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Figure 5. Reactive microglia surrounding senile plaque densities in a marmoset monkey (source Philippens, BPRC). Regions with activated microglia accumulation were visible (A) (Iba1 staining). Diffuse senile plaque formation co-localized with the reactive microglia as visible in a mirror section (B) (Campbell–Switzer staining). The vessel indicated by the asterix (*) symbol, was used for navigation between (A) and (B).
Figure 5. Reactive microglia surrounding senile plaque densities in a marmoset monkey (source Philippens, BPRC). Regions with activated microglia accumulation were visible (A) (Iba1 staining). Diffuse senile plaque formation co-localized with the reactive microglia as visible in a mirror section (B) (Campbell–Switzer staining). The vessel indicated by the asterix (*) symbol, was used for navigation between (A) and (B).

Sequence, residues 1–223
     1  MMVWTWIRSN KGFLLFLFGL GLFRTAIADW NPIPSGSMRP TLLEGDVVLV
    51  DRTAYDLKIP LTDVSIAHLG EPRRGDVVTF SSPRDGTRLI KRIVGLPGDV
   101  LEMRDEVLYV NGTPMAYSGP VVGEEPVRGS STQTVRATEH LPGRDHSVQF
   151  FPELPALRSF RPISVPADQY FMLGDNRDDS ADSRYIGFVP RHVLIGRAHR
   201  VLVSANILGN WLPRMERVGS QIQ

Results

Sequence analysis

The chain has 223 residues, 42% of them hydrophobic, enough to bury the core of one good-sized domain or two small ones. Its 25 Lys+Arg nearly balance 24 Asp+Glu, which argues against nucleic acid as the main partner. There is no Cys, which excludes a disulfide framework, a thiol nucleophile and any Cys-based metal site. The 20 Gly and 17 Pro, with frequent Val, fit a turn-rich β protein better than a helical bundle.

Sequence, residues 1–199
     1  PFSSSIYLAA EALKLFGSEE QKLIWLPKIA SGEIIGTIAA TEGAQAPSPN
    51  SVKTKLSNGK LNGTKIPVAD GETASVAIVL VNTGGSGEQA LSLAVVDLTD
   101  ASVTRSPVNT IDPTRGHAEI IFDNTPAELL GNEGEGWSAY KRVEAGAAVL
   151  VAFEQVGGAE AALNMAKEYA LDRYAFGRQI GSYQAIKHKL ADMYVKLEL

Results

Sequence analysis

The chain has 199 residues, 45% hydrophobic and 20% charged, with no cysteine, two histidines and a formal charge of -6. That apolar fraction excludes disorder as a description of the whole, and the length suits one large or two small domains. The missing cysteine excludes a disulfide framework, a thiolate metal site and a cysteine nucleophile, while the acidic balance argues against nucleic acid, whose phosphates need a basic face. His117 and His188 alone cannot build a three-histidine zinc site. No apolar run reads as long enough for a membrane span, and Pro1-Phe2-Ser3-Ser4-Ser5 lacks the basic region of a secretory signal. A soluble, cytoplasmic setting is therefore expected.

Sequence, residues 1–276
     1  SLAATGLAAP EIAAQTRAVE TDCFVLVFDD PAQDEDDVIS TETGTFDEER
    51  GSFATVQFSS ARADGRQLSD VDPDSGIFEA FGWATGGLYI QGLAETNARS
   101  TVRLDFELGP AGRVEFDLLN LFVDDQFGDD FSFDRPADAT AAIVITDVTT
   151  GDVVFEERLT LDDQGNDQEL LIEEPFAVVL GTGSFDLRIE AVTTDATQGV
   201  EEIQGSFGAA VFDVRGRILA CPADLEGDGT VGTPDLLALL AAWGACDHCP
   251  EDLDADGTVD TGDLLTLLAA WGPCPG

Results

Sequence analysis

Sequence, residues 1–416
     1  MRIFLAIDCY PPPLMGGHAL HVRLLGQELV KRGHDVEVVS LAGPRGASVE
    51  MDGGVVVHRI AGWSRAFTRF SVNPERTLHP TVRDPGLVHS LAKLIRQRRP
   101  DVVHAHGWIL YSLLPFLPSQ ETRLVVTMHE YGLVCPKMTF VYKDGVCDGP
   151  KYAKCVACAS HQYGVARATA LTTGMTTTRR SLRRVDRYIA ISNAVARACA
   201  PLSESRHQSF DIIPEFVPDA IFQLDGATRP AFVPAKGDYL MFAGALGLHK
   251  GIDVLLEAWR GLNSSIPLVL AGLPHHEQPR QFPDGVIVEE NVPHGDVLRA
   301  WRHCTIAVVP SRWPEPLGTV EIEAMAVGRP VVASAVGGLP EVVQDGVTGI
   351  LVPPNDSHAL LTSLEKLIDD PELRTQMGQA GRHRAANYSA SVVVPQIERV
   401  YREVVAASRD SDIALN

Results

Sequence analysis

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Table 1. Different aspects between rodents (mice), marmoset, and human.
Table 1. Different aspects between rodents (mice), marmoset, and human.
Evolutionary distance (million years)65350
Life expectancy (years)210–1580
Reproduction (number per year)502–41
Genetic diversityinbredoutbredoutbred
Main sensesmellvisionvision
Cortical thickness (mm)1.212.372.62
Sleep patternnocturnaldiurnaldiurnal
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Philippens, I.H.C.H.M.; Langermans, J.A.M. Preclinical Marmoset Model for Targeting Chronic Inflammation as a Strategy to Prevent Alzheimer’s Disease. Vaccines 2021, 9, 388.

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Philippens IHCHM, Langermans JAM. Preclinical Marmoset Model for Targeting Chronic Inflammation as a Strategy to Prevent Alzheimer’s Disease. Vaccines. 2021; 9(4):388.

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Philippens, Ingrid H. C. H. M., and Jan A. M. Langermans. 2021. "Preclinical Marmoset Model for Targeting Chronic Inflammation as a Strategy to Prevent Alzheimer’s Disease" Vaccines 9, no. 4: 388.